Whether you’re just starting out in the construction industry or you’re looking to up your game, you’ll need to know all about construction site safety. In this blog, we’ll discuss why safety is so important and let you in on the top five need-to-knows.
1. Why is safety important in construction site?
You may be asking yourself, what is safety in the construction industry? There are a lot of things to consider so the answer may not be clear.
To put it in a nutshell, construction work comes with many hazards and dangers. Therefore, the construction industry is governed by strict health and safety regulations.
With proper management of construction site hazards, employers and workers can minimise risks at the workplace. In doing so, we prevent injuries and fatalities.
You can get informed about construction site safety by reading materials online, by taking building and construction courses or by reading your construction work code of practice.
2. What is safe work method statement?
A safe work method statement (SWMS) is a document that helps guide you in your construction site safety. It should be prepared by the employer, the principal contractor, or a more senior member of the team, such as a site supervisor.
In your SWMS, you will need to outline which of your construction activities are classed as high risk construction work (HRCW). You will detail the possible risks and hazards that worker will be dealing with on a daily basis.
Your SWMW will clearly explain—in easy-to-understand terms—how workers will be controlling and managing the risks. To create a SWMW, go to WorkSafe Victoria and read up on how to create a Safe Work Methods Statement.
3. Protective gear is essential
All construction workers need their own personal protective equipment (PPE). Protective equipment includes clothing and paraphernalia. It needs to be stored properly in between uses, and checked regularly to ensure it’s in good nick.
The following personal protective equipment must be supplied at all construction sites:
- Helmet: Must be supplied on site and worn at all times.
- Safety Glasses: Workers need to be protected against debris in the air.
- High-visibility vests: These brightly coloured clothes ensure workers don’t get missed.
- Gloves: Protect workers against common cuts and grazes.
- Proper clothing: Clothing needs to be appropriate to indoor or outdoor work, and to seasons.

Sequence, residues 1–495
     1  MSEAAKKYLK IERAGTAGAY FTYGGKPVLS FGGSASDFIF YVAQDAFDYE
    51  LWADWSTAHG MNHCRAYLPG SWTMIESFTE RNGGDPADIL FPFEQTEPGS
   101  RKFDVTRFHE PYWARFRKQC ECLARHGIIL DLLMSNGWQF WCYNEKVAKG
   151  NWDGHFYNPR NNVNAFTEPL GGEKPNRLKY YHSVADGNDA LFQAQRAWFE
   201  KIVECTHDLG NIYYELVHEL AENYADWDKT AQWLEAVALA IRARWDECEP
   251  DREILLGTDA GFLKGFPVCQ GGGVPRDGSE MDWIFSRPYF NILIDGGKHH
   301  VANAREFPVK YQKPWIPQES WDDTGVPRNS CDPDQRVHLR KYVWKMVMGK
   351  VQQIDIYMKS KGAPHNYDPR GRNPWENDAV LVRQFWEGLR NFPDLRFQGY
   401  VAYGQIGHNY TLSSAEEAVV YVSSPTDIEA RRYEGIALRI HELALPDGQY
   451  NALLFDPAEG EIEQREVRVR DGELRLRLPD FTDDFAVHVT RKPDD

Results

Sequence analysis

- Footwear: Shoes need to have anti-slip properties to reduce risk.
In addition to the above, you may need additional protective gear for your specific construction activities, like hearing protection and face shields. These are the sorts of things you learn about while undertaking building and construction courses.
4. Training workers prevents injury
As part of occupational health and safety (OHS), employers are required to provide safety training to building and construction workers. If you’re starting out, you might get this training as part of your induction. Or if you’re moving up in the world, you could be involved in preparing and delivering training.
Look for building and construction courses that include OHS training components or modules. You’ll get a handle on OHS requirements for construction site safety. Building and construction courses teach you about workers’ health and safety (WHS) systems and processes, how to conduct safety evaluations and practices. And finally, you’ll learn how to respond in emergencies.
Another thing to consider is that on a construction site, you may find many workers whose first language is not English. These are called culturally and linguistically diverse (CALD) workers and they might require special training in their own language to help them ensure safety for everyone on site.
5. Know your construction work code of practice
Every workplace will require a construction work Code of Practice that is approved under law. The code will need to be approved under section 274 of the Work Health and Safety Act (the WHS Act). This code gives guidance to employers and workers about ways to identify and manage risks.
SafeWork Australia has developed a model Code of Practice that employers and workers in construction can follow. In addition to this construction work code of practice, you’ll need to follow other codes that are relevant to your particular building and construction activity, whether that be demolitions or asbestos removal.
Looking to take the next step in your career with Building and Construction Courses? Contact our team at 1300 LEGEND (1300 534 363) or request a callback and we will get back to you with all the information you need!